A glance at the human body and it all looks fairly symmetrical. But look closer and you’ll see a world of asymmetry, from a slightly sloping eyebrow through to the shapes and positions of our organs. The diaphragm too is in on the asymmetrical act. When we breathe out, it rises unevenly. But why? Is it just making do with the space around it? Researchers looked to mice for answers. Imaging the nerves that stimulate the diaphragm – the left and right phrenic nerves (pictured) – they found them to be asymmetrical. Using mutant mice they found this asymmetry was controlled by differences in the genes activated in these nerves. These genetic differences caused different signalling molecules to be activated in the left and right sides of the diaphragm. This might explain why some muscle disorders only affect one side of the diaphragm.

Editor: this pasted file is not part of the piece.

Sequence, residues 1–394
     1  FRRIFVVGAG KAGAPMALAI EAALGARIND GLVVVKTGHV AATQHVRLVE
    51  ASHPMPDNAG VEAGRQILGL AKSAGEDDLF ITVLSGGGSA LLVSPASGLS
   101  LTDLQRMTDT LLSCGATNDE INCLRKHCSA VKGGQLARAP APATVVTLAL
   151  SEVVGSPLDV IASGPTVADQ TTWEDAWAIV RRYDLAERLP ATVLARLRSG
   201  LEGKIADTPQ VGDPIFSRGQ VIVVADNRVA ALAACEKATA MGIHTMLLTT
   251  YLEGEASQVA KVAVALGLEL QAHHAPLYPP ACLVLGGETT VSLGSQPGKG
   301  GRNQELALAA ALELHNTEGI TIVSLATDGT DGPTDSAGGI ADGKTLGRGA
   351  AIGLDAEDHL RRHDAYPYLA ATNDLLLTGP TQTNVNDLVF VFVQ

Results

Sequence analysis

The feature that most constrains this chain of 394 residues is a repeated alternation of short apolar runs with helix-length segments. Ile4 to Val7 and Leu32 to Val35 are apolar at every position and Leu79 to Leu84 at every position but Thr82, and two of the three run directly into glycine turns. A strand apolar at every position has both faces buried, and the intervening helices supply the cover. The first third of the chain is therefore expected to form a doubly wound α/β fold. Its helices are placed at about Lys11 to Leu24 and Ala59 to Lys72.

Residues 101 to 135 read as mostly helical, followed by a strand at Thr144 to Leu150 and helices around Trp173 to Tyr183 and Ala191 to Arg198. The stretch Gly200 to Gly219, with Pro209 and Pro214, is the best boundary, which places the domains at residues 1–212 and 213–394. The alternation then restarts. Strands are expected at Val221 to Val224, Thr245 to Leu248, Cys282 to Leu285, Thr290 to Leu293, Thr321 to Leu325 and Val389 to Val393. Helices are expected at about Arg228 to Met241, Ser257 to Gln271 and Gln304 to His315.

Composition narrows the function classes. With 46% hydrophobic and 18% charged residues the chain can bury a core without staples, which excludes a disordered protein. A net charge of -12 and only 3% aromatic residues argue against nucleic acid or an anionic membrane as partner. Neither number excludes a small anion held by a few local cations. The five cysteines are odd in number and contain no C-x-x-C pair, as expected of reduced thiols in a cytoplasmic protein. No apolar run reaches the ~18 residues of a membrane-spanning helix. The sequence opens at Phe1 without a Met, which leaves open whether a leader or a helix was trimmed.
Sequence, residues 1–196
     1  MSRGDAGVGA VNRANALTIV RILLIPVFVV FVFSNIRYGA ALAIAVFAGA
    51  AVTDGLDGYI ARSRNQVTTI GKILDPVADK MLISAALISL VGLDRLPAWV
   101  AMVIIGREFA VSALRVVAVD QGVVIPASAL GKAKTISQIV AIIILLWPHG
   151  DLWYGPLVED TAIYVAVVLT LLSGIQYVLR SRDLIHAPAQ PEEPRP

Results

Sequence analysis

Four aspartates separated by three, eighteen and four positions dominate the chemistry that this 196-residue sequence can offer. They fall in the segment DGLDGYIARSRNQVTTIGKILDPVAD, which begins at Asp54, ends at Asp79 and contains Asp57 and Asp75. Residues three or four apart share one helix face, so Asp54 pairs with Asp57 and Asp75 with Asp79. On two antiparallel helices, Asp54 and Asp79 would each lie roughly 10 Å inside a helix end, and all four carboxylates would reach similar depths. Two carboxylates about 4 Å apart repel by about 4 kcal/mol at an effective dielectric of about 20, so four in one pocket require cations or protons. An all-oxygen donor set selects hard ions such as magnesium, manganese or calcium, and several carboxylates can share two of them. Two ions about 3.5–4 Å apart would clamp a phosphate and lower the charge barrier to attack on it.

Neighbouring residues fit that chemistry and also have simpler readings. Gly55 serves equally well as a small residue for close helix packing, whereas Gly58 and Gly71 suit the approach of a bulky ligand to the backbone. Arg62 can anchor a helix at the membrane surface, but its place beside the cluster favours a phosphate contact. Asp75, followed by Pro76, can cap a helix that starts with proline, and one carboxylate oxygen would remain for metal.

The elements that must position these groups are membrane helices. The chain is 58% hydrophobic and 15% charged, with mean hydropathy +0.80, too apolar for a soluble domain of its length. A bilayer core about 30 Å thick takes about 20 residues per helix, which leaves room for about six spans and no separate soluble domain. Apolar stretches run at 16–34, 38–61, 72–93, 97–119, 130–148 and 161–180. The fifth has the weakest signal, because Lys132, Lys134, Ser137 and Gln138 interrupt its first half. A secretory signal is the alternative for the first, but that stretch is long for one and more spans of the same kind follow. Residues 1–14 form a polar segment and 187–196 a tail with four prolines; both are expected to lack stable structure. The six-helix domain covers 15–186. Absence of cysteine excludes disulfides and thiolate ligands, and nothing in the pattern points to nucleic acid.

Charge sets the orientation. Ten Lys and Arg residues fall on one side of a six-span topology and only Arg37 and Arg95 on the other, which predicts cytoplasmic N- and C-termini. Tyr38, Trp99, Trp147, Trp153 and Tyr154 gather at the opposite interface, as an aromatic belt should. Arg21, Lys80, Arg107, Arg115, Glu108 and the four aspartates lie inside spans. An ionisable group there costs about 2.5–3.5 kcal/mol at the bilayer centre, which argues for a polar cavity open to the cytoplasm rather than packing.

BPoD stands for Biomedical Picture of the Day. Managed by the MRC London Institute of Medical Sciences the website aims to engage everyone, young and old, in the wonders of biomedicine. Images are kindly provided for inclusion on this website through the generosity of scientists across the globe.
BPoD is also available in Catalan at www.bpod.cat with translations by the University of Valencia.